'Russia has got a security plan'
Paul Nicholson, Editor-in-chief, and CEO, Inside World Football
RT: Why do you think the BBC picked Russian fans as the worst football fans, describing them as hooligans. Is it a fair statement?
Paul Nicholson: I don’t know if Russia was necessarily the worst in the world, but there has been a lot of media coverage of the violence around Russian football. I think the real focus around Russia obviously there is a world situation anyway, and there is a political change in the world at the moment. But the real focus is really with [The FIFA] Confederations Cup this year, but more importantly the World Cup next year. The security issues around major events are very important – not just terrorism issues, but general fan security. So when you have a major event like that, you will have a lot of traveling supporters, for example, from England – from the big European nations – a lot of Germans, vast numbers of Dutch and Spanish. So you can expect a lot of visitors to Russia.
There have quite often been problems, as it were at the Euro Championships last year, around big events regarding security. I think the focus is on that, and it becomes quite easy then to look at Russia and say: “Well, there has been a problem in the past with Russia. How are they dealing with that problem up to this point.”
RT: The documentary is called ‘Russia’s Hooligan Army.’ Sounds like Russian football fans are the most violent in the world. Is it really the case?
PN: No, far from it! Absolutely not. There are issues with every country, and always around football. Quite often the issues are more social, rather than related to football, where people and groups are attaching themselves to football clubs. Although, it is far from Russian problem. It’s a global issue, particularly in Europe in terms of violence and generally more associated to clubs. You’ve got groups of fans, who would look to fight other groups of fans.
There seems to be a resurgence in that at the moment, particularly in England, but in Italy as well. Italy has a whole set of other issues around racial issues that are struggling to contend with. It is absolutely not a Russia only problem. The issue for Russia is with the World Cup, and so many nations come into the World Cup. It automatically puts it into that focus. Now, Russia has got a security plan. The organizers have got a security plan. That security plan was today. In fact, the President of FIFA, Gianni Infantino, said [yesterday] he had no issues with that security plan…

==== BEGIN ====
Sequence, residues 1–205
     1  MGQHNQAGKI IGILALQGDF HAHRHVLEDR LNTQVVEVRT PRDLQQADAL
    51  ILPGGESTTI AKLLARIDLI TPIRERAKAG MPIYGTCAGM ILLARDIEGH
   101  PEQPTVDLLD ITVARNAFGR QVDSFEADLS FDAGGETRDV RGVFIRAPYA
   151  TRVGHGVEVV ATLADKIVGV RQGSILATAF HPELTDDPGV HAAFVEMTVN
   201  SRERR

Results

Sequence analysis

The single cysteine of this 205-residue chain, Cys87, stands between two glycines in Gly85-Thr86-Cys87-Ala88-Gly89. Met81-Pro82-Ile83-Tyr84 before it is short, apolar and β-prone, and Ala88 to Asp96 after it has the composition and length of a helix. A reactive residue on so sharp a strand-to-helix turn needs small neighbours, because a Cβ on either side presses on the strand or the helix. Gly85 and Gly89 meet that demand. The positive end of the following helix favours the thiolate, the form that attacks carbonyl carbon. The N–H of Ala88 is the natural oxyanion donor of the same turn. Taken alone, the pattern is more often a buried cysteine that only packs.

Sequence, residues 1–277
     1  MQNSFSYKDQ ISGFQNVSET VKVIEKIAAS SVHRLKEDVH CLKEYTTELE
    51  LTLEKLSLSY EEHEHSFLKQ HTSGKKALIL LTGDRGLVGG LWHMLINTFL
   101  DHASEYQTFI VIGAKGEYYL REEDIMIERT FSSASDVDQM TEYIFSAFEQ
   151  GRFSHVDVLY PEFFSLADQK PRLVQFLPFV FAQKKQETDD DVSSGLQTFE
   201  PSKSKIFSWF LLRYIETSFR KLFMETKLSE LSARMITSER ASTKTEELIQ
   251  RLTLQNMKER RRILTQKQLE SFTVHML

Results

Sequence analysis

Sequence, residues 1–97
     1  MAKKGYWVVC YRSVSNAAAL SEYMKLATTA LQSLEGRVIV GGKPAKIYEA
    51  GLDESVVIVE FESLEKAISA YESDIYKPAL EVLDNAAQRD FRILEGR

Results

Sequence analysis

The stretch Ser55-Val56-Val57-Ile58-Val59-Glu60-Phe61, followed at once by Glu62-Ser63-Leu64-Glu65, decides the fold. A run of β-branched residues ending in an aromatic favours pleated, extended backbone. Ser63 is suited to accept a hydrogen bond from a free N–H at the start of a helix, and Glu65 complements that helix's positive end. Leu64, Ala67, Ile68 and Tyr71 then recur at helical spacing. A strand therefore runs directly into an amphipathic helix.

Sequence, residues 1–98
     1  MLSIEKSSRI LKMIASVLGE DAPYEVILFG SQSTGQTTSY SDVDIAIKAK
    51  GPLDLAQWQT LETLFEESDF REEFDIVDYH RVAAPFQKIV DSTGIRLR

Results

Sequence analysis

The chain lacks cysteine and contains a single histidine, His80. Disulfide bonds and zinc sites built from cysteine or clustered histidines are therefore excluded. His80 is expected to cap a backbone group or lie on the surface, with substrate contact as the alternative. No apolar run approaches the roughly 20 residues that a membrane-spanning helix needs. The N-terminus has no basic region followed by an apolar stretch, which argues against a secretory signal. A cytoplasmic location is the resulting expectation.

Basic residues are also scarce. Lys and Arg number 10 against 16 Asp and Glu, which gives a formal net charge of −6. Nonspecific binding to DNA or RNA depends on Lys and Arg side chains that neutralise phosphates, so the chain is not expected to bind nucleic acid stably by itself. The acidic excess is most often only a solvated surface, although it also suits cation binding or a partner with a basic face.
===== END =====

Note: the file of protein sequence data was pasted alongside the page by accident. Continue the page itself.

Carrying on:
It is a concern for everybody who goes to a major event. I’ll give you an example. If you looked at the German World Cup in 2006, 600,000 English football fans traveled to Germany... There were only about 100,000 tickets available for English fans across all of the games that England played. So that meant that there were a half a million English football fans in Germany drinking, traveling the country, going to watch football. You have a security issue with all of those people; all of them drinking, all of them looking to have a bit of fun. It can be a fairly explosive mixture of people, but it is not just Russia.
The statements, views and opinions expressed in this column are solely those of the author and do not necessarily represent those of RT.